2. Be Nice!: Twitter is set up for fostering conversation and debate, and you don’t have to be a blind cheerleader for whatever people say. However, remember that when you’re using Twitter for your music career, you’re in a “business casual” environment. Stay professional. Tweeting “I think @soandso is the biggest idiot on Twitter” makes you look bad, not them. I’m not saying you won’t THINK that from time to time, but – and this is especially important if you’re working on the business side of the music industry rather than an artist – resist the temptation to engage in public humiliation. Who wants to work with someone who lacks discretion? Plus, the music industry isn’t as big as you think. You don’t know what bridges you’re burning when you’re a Twitter bully.

    If you see something you disagree with and want to know where that person was coming, ask them. Politely. If what you have to say could potentially embarrass them, direct message them instead. Again, conversation – good. Belligerence – bad.

    The best recording studio prices in Los Angeles

  3. Build Relationships: The great thing about Twitter is the way it connects you to other people who are trying to accomplish the same thing you are. Reach out to them. See how you can help each other. Tweet each other’s shows, link to each other’s sites, let your followers know when one of your colleagues does something cool – it all helps.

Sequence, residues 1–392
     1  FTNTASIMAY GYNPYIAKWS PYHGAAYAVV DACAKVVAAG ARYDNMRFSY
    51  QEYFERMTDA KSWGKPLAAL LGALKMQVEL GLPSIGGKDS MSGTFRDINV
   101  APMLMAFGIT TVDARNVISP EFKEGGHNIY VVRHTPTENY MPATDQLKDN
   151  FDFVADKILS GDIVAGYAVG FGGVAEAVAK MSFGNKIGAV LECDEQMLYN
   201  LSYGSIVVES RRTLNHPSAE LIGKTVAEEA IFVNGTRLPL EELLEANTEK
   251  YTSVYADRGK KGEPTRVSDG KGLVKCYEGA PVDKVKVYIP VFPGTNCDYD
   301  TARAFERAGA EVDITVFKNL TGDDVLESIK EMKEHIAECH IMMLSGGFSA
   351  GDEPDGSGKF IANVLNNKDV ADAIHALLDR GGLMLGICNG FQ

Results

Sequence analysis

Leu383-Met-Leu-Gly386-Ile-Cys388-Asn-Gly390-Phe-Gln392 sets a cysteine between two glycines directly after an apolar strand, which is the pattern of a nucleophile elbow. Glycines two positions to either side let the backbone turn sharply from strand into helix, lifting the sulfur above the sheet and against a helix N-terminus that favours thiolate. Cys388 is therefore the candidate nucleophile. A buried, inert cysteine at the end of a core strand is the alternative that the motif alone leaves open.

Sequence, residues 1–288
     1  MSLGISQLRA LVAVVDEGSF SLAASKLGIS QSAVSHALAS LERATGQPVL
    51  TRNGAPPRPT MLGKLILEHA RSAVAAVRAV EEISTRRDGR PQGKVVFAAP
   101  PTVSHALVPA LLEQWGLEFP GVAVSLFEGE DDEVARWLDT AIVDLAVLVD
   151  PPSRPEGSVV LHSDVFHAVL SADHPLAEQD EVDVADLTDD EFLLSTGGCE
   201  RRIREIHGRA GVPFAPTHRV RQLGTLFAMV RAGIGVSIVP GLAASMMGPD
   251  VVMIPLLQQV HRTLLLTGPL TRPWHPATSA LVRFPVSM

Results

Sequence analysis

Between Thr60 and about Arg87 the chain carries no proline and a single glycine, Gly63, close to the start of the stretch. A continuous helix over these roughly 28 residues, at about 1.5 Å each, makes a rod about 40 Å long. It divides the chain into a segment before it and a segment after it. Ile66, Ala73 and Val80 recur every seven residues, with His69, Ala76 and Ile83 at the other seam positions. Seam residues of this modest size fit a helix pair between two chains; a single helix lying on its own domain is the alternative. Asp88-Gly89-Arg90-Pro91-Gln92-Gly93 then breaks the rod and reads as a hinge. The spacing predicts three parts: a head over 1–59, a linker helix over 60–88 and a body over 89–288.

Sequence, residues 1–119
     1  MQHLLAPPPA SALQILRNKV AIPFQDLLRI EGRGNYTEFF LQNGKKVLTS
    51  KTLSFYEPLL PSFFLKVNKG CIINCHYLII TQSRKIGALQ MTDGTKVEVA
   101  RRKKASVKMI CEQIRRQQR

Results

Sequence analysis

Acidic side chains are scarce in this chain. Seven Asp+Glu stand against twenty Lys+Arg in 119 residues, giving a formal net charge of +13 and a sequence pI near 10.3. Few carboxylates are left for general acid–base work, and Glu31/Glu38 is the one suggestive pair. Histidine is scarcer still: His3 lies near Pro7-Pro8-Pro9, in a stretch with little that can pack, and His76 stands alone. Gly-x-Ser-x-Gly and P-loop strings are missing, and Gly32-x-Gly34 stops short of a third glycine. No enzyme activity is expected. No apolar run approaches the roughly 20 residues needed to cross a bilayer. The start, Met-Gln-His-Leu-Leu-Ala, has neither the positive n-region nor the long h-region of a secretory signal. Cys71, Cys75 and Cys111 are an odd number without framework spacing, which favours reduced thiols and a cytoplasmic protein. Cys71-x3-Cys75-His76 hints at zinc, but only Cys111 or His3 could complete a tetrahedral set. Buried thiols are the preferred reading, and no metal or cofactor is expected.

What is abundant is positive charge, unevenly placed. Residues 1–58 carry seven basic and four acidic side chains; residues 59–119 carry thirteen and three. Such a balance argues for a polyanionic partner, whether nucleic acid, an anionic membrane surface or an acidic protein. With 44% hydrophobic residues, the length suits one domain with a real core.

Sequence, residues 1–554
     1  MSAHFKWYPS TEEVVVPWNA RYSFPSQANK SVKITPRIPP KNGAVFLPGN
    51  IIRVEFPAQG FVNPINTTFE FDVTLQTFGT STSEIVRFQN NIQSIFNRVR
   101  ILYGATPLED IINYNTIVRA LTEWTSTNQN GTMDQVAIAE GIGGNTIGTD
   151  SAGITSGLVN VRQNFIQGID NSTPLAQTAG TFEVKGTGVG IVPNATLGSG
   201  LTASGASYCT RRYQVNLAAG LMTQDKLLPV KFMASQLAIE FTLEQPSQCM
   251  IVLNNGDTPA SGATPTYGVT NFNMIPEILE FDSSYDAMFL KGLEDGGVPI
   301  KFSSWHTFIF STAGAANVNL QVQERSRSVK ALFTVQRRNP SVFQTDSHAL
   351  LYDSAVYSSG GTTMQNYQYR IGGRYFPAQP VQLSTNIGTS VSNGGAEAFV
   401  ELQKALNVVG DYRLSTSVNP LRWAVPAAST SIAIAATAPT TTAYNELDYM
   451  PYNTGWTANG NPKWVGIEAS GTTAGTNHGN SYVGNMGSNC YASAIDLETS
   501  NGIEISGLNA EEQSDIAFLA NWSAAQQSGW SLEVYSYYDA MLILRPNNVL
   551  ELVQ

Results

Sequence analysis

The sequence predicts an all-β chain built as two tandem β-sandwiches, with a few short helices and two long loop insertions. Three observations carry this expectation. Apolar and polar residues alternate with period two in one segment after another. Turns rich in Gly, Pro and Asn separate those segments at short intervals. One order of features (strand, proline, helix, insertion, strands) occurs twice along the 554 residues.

4. Avoid the Numbers Shuffle, The Follow Test and Other Twitter Mind Games: A lot of people spend a lot of time on Twitter checking out how has the most followers, who is following more people than follow them back, culling their own follow list and so on and so forth. Other people follow someone, wait for a set period of time, then unfollow them if they aren’t followed back. This kind of stuff is exhausting, counterproductive, and more than a little bit third grade.